In a recent “Saturday Night Live” sketch, a college freshman found himself being harangued by his parents for changing his major from pre-med to creative writing. “Yes, if there’s anything we have learned from the pandemic,” the father mocks, “it’s that the world needs more poets.”
That stings, but not with the ring of truth. Poets are accustomed to such dismissals, and much like a Sith lord from the Star Wars universe, such hate only makes us grow stronger. Health care professionals have had their lives upended, even losing their lives, in order to save others, and those are sacrifices not to be dismissed. But what is life for beyond the scrambling for survival? Poetry has no single answer, but it is consumed with the question.
Discovery is at the heart of “Brand New Spacesuit,” John Gallaher’s latest collection. Gallaher, a professor of creative writing at Northwest Missouri State University, uses the quotidian as vehicles for the fantastic, zooming us between the microscopic concerns of DNA to the universal lessons we learn from stars, from “Star Trek” to magnet hats, from hell to the asteroid Bennu.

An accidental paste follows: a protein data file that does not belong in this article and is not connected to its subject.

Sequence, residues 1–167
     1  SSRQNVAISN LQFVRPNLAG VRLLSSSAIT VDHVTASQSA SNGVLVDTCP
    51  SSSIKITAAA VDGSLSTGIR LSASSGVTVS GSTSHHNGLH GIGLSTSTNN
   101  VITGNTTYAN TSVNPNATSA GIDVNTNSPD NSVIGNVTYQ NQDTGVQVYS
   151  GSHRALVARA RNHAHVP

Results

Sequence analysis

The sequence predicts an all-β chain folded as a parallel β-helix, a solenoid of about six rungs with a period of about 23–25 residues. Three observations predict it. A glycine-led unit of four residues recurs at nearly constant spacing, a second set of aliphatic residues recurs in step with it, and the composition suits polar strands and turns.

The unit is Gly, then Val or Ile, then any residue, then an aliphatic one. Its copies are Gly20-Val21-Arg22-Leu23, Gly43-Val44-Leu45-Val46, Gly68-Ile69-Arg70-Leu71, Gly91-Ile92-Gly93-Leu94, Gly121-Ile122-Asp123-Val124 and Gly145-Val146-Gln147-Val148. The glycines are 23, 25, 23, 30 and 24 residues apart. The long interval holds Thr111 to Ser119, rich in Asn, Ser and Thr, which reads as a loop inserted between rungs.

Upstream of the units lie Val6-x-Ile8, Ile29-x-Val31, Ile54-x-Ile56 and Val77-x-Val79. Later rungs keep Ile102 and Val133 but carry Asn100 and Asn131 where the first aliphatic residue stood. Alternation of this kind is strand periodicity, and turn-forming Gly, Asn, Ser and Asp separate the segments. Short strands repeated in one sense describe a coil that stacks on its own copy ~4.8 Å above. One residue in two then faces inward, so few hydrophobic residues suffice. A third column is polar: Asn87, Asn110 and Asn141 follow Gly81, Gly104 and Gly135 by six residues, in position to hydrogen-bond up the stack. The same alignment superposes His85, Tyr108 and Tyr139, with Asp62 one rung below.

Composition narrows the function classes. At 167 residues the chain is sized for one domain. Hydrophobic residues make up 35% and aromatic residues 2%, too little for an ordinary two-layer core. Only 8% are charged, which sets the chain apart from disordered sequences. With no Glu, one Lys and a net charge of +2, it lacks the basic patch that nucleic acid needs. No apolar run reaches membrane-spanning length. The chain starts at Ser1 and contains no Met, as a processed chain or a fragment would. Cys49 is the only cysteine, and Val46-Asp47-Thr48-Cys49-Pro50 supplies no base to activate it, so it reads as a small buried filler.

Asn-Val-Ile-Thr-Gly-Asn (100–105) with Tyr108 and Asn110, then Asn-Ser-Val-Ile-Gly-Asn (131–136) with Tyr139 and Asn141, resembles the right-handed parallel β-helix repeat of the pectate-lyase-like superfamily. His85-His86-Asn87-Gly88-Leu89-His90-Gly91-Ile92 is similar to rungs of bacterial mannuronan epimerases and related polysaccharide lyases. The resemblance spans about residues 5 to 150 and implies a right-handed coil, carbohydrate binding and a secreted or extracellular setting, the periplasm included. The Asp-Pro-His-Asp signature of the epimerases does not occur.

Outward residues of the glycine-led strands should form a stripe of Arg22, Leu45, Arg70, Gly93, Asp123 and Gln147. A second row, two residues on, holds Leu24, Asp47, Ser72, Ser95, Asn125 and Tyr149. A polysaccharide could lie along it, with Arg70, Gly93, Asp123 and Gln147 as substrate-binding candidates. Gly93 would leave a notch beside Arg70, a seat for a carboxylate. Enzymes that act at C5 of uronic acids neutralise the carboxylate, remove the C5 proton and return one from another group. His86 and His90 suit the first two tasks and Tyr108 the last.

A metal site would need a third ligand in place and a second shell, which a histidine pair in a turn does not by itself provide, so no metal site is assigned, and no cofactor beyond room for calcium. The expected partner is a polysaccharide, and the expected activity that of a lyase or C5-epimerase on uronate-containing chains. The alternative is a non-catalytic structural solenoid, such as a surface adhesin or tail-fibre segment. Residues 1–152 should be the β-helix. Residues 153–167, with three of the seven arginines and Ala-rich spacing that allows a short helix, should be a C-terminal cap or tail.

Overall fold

It’s perhaps lazy to see a poem employ long lines and want to call it “Whitmanesque,” but Gallaher’s long-lined, funny, packed poems recall the American bard in their embrace of wandering as a search for truth. As an adoptee, Gallaher acknowledges how the gaps in what we are able to know for certain shape us, how absence has impact, and yet, the poems’ wry hopefulness has us see the potential for hope all around. “We’re playing the ‘Getting to Know You’ Game,” he writes in “There’s Desolation, True, but What if It’s Magnificent Desolation?” — “and it’s going / to take the rest of our lives.”
The exploration in “Here Is the Sweet Hand” by former Washington University writer in residence francine j. harris is of Black women’s loneliness, defanging it of its horror, celebrating the possibilities of the body. These are deeply physical poems, in both content and their own sonic demands. Read out loud, they are a full-body experience.
Poems such as “She is what I undo” are showcases of sound play: “I mention the tackle of talon in grass, the noon’s / undoing. I beg her stirrup. and what a knot of horse, // we don. We dun in moon.”
Winner of the 2021 National Book Critics Circle Award for Poetry, the collection is powerfully smart, moving between joy and grief with impressive fluidity. History informs every option, every view, such as in the lamentation “Oregon Trail, Missouri”: “O what haven from man // who believe in America, only all to himself?”
Harris’ inventive language play works like an act of reclamation, though, rewriting American narratives, remaking syntax in her image, as in “My hair is falling out”: “So give it to the midnight crows and let them bring it to / a little black girl should she set out seeds of a sunflower / … Make room for believing. Climb down off / the world dying and feed something. Open up the yard.”